Reviewed by Sep 30, 2020| Updated on
ISO 14000 standards refer to a family of standards concerning environmental management. It exists to assist organisations in fulfilling the following:
To minimise how the operations or processes negatively impact the environment. Also, it covers how air, water, or land changes adversely.
To legally comply with applicable rules and regulations, and all the environmental-related requirements.
To continuously improve upon the above objectives.
ISO 14000 is almost the same as the ISO 9000 on quality management. Both pertain to the process of production instead of the product itself.
The family of ISO 14000 primarily includes the ISO 14001 standard, which depicts the core set of standards that an organisation uses for designing and executing an effective Environmental Management System (EMS).
There are other standards in this series, such as the ISO 14004 that gives additional guidelines for an effective EMS. It includes the more specialised standard which deals with particular aspects of environmental management. The main objective of the ISO 14000 norms is to provide "practical tools available for all kinds of companies and organisations looking to manage their environmental responsibilities".
The series of ISO 14000 standards can be applied voluntarily for environmental regulation. The standard is similar to its predecessor ISO 9000, the international standard of quality management in many aspects.
ISO 9000 served as a model for its internal structure, and both can be implemented parallelly. When compared to ISO 9000, the ISO 14000 acts both as an internal management tool and an external exhibition of the company's environmental commitment to its clients and customers.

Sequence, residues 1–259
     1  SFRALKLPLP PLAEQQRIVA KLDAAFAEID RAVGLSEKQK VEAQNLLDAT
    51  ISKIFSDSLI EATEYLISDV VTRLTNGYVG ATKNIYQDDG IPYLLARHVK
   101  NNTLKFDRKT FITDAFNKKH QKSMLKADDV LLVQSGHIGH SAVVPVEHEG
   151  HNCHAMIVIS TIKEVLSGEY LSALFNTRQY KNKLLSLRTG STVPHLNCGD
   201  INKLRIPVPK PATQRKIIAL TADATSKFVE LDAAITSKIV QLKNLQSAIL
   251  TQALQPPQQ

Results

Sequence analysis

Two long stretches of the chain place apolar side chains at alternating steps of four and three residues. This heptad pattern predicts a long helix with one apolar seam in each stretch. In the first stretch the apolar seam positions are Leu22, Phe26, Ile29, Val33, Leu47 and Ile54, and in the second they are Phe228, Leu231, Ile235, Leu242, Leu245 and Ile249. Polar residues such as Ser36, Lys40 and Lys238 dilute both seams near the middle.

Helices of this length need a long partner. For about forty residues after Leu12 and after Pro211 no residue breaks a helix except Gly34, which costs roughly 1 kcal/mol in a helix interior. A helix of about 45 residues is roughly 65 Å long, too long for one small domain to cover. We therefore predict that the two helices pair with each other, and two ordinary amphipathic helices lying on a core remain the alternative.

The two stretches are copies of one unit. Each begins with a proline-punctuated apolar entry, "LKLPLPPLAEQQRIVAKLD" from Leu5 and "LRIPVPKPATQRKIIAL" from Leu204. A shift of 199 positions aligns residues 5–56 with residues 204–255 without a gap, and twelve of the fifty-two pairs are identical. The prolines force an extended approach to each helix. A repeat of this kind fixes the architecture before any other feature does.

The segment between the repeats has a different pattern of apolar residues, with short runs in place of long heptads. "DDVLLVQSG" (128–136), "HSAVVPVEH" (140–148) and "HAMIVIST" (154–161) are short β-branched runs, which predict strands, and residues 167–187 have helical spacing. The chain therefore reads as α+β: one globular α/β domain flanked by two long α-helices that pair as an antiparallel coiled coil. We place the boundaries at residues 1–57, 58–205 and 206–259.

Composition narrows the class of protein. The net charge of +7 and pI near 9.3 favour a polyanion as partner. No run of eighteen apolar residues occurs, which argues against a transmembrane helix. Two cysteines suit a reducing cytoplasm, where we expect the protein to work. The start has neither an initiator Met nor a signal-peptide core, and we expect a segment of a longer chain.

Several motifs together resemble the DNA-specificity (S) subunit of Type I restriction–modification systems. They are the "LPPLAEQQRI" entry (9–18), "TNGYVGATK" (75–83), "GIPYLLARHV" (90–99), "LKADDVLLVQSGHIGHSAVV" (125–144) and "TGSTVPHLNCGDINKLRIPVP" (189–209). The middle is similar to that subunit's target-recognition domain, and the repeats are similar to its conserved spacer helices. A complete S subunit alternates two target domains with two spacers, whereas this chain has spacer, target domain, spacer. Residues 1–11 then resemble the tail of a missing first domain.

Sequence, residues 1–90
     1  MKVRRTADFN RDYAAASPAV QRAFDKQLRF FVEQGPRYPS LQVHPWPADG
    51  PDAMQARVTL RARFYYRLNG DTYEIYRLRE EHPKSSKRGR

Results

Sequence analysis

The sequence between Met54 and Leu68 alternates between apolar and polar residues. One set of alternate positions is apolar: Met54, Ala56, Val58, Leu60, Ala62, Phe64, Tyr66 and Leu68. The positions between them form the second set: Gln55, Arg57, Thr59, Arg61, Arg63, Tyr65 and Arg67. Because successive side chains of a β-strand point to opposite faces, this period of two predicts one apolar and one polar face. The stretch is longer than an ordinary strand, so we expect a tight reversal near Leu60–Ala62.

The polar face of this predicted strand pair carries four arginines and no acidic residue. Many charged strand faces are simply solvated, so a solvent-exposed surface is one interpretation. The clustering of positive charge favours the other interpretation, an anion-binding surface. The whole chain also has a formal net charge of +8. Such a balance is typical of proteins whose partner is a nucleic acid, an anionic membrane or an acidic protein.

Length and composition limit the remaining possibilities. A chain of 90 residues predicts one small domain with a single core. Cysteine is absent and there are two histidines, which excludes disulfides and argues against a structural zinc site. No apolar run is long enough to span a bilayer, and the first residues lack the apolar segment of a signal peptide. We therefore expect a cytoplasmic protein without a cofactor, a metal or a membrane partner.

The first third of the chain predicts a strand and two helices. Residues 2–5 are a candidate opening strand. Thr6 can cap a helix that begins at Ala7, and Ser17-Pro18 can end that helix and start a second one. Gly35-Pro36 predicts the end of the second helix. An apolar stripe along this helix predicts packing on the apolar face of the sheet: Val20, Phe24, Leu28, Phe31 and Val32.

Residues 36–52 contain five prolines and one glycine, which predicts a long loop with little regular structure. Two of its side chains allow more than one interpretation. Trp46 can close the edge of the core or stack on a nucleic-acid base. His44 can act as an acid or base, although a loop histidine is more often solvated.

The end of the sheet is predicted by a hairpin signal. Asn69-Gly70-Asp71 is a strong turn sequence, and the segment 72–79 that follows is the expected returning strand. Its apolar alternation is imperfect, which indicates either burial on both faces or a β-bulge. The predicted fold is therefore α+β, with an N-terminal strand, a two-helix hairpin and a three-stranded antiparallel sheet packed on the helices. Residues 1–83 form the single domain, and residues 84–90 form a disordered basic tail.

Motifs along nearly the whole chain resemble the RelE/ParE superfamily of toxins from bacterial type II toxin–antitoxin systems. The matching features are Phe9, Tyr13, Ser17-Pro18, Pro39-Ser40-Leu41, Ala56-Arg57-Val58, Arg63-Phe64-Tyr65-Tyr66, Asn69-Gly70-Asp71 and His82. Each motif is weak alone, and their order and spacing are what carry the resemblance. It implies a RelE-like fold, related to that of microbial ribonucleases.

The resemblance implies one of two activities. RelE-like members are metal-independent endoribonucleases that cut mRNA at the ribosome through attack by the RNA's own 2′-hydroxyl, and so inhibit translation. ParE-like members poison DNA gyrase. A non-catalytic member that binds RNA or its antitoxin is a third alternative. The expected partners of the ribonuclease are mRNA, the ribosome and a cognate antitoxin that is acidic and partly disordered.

In India, 140 companies, mostly in the large industrial sector, have obtained ISO 14001 Certification by 2012. However, the small and medium enterprises (SMEs) were not coming forward.
Since SMEs form a sizeable share of the export market, it is necessary to encourage them for the adoption of EMS and certification thereof. It was seen that adoption by MSMEs would be an added benefit of controlling pollution by way of self-regulation.
Also, it would lessen the pressure on the Pollution Control Boards for implementation of pollution control measures, especially in the SME sector.
In spite of India being ranked seventh in terms of number ISO 14001 certified firms, the adoption of ISO 14001 by its firms is still a lesser-known fact. A study conducted by Tilburg University in 2018 aimed at contributing to this perception and more usually extend the research on voluntary environmental initiatives by firms in developing and emerging economies.